The recent Brexit negotiations brought further attention to the role of the Court of Justice of the European Union (more commonly referred to in the UK as the ECJ). The negotiations have also emphasised a level of misunderstanding about the role of the ECJ and the European Court of Human Rights (ECHR).
The Court of Justice of the European Union and the ECHR are not the same thing. The ECHR was set up in 1959. Its function is to rule on alleged breaches of the European Convention on Human Rights. All 47 Council of Europe members have signed up to the Convention, and agree to be bound by the decisions of the ECHR.
The ECHR has previously ruled on this country’s ability to set whole-life prison terms; the rights of prisoners to vote and whether Abu Qatada could be deported.
The Court of Justice of the European Union was established in 1952. It is the highest court of the European Union, and rules on matters of European Law. Individuals cannot apply to the ECJ. Instead, national courts refer cases to the ECJ. It is then up to the national court to interpret its own laws in accordance with the decisions of the ECJ.
One of the most well-known ECJ decisions was the case of Jean-Marc Bosman, (the Bosman ruling) which was a freedom of movement decision. This resulted in professional footballers being able to join another club at the end of their contract without a transfer fee being paid. The Court has also ruled in issues relating to religious clothing and symbols at work, such as head-scarfs.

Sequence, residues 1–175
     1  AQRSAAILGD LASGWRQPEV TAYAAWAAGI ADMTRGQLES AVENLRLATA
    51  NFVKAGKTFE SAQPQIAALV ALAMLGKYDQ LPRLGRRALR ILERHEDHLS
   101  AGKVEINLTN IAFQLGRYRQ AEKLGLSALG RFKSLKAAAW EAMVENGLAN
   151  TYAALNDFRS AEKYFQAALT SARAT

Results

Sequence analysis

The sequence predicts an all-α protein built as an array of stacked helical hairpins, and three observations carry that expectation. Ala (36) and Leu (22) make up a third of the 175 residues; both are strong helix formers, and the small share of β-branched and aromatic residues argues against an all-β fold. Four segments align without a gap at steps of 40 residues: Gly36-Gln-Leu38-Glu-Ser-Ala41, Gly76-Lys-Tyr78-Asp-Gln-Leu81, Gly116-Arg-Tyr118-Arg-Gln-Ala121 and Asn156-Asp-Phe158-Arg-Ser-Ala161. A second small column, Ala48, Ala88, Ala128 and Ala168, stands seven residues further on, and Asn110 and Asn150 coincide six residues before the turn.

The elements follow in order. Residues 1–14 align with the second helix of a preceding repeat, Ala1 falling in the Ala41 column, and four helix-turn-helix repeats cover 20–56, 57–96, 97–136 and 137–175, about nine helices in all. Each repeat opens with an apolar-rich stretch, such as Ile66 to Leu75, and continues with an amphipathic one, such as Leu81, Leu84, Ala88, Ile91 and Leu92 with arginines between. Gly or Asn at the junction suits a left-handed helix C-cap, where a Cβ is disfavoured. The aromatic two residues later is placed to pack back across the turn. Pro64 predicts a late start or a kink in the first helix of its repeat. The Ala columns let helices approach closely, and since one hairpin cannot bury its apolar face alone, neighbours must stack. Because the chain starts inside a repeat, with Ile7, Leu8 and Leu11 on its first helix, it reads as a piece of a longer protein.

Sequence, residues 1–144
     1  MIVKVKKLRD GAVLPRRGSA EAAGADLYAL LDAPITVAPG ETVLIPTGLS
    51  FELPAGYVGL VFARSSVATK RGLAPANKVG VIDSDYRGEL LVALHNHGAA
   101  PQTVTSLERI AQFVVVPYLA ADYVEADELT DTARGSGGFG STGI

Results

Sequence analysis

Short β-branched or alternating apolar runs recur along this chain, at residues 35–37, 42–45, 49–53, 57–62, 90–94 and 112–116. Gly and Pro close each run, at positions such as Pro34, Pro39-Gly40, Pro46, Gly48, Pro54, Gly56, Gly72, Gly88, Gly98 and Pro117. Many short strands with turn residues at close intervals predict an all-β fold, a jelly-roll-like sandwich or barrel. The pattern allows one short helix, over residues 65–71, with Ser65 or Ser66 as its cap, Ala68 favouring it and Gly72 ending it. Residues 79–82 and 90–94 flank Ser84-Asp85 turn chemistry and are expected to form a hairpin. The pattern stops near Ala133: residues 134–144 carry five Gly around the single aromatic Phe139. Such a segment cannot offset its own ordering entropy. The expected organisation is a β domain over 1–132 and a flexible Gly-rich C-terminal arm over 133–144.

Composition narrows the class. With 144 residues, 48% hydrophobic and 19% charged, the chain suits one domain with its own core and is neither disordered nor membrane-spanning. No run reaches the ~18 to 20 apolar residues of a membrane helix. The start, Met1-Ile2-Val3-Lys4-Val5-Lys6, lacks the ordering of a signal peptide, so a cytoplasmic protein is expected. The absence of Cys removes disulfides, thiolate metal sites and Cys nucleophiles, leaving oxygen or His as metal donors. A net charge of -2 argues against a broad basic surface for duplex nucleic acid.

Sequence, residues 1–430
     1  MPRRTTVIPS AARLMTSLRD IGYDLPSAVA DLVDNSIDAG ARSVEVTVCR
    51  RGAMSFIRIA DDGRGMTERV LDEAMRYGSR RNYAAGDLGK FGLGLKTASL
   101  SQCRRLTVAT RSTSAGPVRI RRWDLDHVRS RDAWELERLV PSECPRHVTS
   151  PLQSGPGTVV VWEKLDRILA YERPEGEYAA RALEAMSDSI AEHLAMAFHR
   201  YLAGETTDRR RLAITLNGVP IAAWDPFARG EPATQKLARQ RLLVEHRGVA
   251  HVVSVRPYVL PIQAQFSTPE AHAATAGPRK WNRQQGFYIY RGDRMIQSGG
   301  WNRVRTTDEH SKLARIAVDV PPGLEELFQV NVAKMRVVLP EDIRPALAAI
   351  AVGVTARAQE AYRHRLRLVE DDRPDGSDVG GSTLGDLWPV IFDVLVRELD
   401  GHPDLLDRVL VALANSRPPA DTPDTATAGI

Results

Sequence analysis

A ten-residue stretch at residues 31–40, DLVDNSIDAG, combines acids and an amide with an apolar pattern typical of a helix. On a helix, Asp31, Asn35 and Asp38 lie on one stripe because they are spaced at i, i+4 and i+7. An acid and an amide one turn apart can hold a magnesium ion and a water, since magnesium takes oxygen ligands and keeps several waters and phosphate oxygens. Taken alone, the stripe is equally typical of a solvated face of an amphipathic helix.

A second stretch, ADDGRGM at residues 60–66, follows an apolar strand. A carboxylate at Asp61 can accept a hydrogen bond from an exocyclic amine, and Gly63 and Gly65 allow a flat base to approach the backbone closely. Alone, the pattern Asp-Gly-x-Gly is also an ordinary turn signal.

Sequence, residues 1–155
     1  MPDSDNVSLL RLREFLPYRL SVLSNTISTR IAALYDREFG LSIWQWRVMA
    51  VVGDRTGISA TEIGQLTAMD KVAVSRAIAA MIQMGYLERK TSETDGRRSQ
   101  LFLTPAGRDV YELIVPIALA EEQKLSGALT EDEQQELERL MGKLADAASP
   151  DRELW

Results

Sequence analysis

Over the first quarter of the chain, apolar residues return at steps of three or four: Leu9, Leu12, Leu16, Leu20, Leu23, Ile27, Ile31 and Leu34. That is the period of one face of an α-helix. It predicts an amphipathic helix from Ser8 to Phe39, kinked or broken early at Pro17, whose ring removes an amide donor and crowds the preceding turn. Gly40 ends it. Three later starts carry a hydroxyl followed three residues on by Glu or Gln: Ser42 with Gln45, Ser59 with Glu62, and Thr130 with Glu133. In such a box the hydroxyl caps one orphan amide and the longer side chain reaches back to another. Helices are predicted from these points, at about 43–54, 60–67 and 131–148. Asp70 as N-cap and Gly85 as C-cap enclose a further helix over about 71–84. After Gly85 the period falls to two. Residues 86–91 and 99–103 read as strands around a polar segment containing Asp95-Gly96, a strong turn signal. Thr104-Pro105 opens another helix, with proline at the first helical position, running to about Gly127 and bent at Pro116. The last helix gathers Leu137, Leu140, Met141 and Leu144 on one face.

Whatever the terms of the Brexit deal, the UK will not be leaving the ECHR. Our relationship with the ECJ is likely to be much more complicated, but the court is likely to continue to have an influence even after the UK leaves the EU.
John Howey, Senior Solicitor
Image attribution: Adrian Grycuk (Own work) [CC BY-SA 3.0 pl (https://creativecommons.org/licenses/by-sa/3.0/pl/deed.en)], via Wikimedia CommonsRead More
What lies ahead for the EAW after Brexit?
The European Arrest Warrant is a tool used very often by Governments within the EU to secure the arrest and extradition of people who have committed or are accused of committing crimes in their own country.
Some countries confine their use of the EAW to very serious offences such as people trafficking or murder. Others adopt a hard-line approach and will issue an EAW for what may seem trivial such as shoplifting or a simple possession of cannabis.
Notwithstanding the difference in approaches, the UK government accepts that the EAW is instrumental in fighting cross-border crime and presently at least, is keen to remain part of the EAW post-Brexit.
If the UK is not part of the EAW, then any requests for a extradition to and from the UK will most likely follow the system we currently have for non-EU countries; this is a more onerous and costly route than the EAW.
If the UK continues to be part of the EAW, in all likelihood, they will have to submit to the jurisdiction of the European Court of Justice (“ECJ”). This will no doubt prove unpopular with those seeking a clean break from the EU, or ‘hard-Brexit’.
Some interpretations of the EAW
The ECJ has made important interpretations on the framework decision relating to the EAW. Kovalkovas [C-477/16 PPU] is a case brought by the Government of the Netherlands and decided by the ECJ in November 2016. The ECJ concluded that a Ministry of Justice was not a Judicial Authority for the purposes of an EAW and therefore cannot issue a valid EAW. This contradicted the UK Supreme Court’s decision in 2013 (case of Bucnys v Ministry of Justice Lithuania  UKSC 71. As a result of the ECJ’s decision, it was binding on all EU countries including the UK. The UK Courts and the CPS had to disregard Bucnys.
It is unworkable for the UK to remain part of the EAW after Brexit, yet be excluded from the jurisdiction of the ECJ. The UK will have to choose.Read More